BALB/c mice were immunized twice subcutaneously at regular intervals of 2 weeks with inactivated whole virus from A/VietNam/1203/2004 at HA titer of 28 in 0.1 mL of Phosphate Buffered Saline (PBS), which was emulsified with an equal volume of Montanide ISA 563 adjuvant (SEPPIC, France). Mice were boosted with the same viral antigen, 3 days before the fusion of splenocytes with SP2/0 cells. The fused cells were seeded in 96-well plates, and their supernatants were screened by immunofluorescence assays as described below. The hybridomas that produced the Mabs were cloned by limiting dilution at least three times. The positive Mabs were tested for their hemagglutination inhibition activity as described below. Immunoglobulins from selected positive Mabs were isotyped using a commercial isotyping kit (Amersham Bioscience, England) as described in the manufacturer’s protocol, subcloned, and cultured. All animal experiments were carried out in accordance with the guides for Animal Experiments of the National Institute of Infectious Disease (NIID) and the “Animal Research: Reporting In Vivo Experiments” (ARRIVE) guidelines. Experiment protocols were reviewed and approved by Institutional Animal Care and Use Committee of the Temasek Life Sciences Laboratory (Project Approval nos. TLL-12-018 and TLL-12-015), National University of Singapore, Singapore.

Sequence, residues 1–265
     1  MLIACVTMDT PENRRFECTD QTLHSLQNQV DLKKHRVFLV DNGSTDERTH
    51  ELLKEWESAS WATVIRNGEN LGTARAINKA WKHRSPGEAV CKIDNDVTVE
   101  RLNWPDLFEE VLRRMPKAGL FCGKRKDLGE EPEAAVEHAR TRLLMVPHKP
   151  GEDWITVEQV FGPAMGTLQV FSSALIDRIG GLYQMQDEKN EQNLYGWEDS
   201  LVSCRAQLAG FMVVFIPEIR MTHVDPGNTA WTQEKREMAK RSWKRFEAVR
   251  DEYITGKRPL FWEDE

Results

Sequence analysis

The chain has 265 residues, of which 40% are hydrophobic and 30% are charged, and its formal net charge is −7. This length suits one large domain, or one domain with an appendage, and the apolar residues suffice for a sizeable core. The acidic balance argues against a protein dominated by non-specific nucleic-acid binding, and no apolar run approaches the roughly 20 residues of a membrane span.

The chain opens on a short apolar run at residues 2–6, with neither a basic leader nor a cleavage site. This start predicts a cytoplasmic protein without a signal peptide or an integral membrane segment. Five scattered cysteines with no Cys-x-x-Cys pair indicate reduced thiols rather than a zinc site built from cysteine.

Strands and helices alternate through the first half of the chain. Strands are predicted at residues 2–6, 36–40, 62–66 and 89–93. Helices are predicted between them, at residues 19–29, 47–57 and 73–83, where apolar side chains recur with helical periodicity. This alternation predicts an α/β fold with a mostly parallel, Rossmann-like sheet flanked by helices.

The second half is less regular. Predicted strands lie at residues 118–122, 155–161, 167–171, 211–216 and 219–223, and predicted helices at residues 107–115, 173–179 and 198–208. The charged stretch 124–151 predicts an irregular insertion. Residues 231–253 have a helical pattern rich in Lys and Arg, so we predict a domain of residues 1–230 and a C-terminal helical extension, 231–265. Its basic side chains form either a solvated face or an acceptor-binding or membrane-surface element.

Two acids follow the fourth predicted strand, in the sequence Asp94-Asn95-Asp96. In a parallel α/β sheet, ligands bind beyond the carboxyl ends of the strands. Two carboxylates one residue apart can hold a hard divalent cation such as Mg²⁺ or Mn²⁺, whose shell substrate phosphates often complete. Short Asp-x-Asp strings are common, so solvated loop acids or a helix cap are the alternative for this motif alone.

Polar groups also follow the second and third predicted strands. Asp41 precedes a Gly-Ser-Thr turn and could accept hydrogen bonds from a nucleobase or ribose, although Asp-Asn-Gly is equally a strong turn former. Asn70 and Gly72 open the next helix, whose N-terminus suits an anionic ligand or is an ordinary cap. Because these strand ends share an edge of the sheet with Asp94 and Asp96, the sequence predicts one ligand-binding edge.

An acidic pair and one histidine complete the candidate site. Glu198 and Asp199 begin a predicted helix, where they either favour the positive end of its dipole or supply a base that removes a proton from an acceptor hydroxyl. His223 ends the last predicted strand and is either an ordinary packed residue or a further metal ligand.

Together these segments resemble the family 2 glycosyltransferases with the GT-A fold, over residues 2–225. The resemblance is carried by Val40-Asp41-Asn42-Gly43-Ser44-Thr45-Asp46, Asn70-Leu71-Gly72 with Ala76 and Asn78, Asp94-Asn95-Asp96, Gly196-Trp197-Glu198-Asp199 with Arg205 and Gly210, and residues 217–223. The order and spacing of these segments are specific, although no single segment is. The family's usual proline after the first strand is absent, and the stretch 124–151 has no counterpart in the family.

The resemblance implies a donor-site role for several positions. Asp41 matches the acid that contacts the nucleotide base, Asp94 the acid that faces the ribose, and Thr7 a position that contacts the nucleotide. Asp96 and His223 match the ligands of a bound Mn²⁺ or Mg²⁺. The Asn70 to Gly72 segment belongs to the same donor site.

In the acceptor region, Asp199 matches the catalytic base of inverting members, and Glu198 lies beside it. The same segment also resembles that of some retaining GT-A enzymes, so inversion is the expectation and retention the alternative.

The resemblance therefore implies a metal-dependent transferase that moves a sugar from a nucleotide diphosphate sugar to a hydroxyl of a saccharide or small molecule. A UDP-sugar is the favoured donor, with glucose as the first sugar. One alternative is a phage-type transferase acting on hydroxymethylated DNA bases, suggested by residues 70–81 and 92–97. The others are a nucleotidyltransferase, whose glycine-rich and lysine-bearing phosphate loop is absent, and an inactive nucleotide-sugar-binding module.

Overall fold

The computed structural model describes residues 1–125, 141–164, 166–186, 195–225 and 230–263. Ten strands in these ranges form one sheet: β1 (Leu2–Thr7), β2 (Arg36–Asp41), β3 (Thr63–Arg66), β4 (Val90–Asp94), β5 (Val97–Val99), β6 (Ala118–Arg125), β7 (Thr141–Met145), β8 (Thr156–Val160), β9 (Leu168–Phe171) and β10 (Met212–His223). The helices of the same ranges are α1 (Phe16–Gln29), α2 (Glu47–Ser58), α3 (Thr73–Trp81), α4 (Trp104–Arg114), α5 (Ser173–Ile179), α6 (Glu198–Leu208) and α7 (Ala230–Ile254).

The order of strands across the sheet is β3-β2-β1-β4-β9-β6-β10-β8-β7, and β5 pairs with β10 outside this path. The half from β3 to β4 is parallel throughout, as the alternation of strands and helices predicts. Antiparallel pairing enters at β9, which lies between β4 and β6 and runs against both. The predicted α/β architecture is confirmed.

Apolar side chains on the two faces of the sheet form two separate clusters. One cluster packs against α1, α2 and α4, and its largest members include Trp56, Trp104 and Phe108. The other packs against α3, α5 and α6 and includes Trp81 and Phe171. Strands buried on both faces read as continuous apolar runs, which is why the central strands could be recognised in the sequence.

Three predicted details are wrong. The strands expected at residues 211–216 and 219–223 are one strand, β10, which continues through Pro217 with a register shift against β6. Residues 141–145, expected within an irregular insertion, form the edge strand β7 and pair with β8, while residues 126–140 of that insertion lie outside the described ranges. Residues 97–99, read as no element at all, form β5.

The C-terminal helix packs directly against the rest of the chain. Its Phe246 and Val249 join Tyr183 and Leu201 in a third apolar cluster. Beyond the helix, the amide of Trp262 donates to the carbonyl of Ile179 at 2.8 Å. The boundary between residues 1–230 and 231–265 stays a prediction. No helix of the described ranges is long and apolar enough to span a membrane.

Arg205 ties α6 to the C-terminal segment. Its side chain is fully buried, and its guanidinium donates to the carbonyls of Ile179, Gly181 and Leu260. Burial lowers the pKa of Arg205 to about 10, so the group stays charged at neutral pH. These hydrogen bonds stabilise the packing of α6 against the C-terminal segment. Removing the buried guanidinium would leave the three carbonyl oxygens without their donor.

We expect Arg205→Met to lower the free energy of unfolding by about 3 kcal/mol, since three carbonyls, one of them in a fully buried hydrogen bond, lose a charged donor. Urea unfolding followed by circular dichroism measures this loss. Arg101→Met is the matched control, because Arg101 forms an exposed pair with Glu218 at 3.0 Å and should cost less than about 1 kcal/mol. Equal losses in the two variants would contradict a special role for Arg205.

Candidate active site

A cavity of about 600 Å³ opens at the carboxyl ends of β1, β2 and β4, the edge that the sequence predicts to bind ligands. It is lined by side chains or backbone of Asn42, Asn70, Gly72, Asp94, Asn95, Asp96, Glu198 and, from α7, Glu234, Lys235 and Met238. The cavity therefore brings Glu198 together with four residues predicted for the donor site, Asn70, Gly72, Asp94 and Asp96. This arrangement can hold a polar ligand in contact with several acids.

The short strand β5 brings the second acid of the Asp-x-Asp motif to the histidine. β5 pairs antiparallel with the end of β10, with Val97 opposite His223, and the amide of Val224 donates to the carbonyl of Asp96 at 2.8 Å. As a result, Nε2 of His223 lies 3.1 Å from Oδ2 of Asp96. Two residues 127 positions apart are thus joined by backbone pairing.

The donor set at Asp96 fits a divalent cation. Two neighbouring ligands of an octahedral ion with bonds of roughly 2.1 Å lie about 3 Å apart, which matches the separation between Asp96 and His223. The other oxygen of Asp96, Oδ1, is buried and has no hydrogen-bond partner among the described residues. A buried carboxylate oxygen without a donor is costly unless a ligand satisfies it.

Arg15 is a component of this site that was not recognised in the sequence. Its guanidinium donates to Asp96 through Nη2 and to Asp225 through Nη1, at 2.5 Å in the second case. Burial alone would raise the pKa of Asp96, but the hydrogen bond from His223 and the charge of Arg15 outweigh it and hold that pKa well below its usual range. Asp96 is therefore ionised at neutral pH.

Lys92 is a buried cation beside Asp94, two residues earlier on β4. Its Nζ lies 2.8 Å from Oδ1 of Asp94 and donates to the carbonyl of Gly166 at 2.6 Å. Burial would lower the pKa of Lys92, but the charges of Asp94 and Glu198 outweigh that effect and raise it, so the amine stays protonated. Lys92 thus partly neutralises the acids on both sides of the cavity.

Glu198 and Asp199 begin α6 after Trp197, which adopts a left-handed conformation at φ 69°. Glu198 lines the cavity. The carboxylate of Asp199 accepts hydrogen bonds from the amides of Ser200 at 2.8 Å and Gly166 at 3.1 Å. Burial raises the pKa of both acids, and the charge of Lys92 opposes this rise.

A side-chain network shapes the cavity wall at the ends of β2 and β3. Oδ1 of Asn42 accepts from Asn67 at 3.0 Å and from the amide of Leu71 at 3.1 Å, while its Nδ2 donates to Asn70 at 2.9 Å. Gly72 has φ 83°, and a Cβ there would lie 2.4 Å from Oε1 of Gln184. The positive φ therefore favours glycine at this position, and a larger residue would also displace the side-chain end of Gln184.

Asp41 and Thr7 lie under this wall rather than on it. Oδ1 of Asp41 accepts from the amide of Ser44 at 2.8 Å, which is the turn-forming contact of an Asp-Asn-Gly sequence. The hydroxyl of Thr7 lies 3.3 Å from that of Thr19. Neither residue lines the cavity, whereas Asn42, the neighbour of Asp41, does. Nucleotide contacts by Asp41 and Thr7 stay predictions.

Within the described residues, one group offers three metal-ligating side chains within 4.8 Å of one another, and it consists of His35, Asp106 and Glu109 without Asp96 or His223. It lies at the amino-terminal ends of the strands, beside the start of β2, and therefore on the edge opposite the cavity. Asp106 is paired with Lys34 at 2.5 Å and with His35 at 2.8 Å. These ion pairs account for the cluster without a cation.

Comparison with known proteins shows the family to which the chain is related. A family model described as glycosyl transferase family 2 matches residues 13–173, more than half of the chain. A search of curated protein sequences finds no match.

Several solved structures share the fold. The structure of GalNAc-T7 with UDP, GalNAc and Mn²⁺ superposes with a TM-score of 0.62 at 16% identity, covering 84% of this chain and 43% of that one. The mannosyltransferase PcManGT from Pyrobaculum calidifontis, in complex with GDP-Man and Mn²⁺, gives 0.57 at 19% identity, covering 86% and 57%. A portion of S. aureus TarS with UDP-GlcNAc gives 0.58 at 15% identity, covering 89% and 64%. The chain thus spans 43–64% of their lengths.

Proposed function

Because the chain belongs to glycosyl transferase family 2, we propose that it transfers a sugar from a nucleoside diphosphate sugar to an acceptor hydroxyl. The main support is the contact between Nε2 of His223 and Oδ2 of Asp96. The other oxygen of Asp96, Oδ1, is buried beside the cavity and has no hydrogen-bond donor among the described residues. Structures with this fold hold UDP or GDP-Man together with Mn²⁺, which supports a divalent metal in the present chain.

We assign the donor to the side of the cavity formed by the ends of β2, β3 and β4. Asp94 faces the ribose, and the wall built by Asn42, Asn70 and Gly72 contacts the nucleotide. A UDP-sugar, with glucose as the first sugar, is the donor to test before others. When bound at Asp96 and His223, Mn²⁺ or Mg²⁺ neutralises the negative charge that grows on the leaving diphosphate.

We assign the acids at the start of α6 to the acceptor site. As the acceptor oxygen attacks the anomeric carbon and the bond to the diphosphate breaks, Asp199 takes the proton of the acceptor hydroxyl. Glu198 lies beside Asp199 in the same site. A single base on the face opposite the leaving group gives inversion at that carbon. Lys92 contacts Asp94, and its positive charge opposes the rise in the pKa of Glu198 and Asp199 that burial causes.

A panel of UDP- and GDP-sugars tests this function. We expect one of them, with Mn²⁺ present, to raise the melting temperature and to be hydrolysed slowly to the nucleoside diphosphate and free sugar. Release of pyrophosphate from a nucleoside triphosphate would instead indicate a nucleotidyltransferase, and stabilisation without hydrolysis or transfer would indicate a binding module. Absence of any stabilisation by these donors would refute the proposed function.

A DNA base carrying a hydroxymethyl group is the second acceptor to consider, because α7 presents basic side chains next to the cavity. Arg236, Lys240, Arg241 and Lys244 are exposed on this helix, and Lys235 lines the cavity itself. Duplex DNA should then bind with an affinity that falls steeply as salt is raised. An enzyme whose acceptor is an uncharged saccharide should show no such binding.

2.3. Immunofluorescence Assay (IFA)

MDCK cells cultured in 96-well plates were infected with AIV H5N1 strains. At 24–48 h postinfection, the cells were fixed with 4% paraformaldehyde for 30 min at room temperature and washed thrice with phosphate buffered saline (PBS), pH 7.4. Fixed cells were incubated with hybridoma culture supernatant at 37°C for 1 h, rinsed with phosphate buffered saline (PBS), and then incubated with a 1 : 400 dilution of fluorescein isothiocyanate (FITC)-conjugated rabbit antimouse Immunoglobulin (Dako, Denmark). Cells were rinsed again in PBS, and antibody binding was evaluated by widefield epifluorescence microscopy (Olympus IX71).

2.4. Hemagglutination Inhibition Assay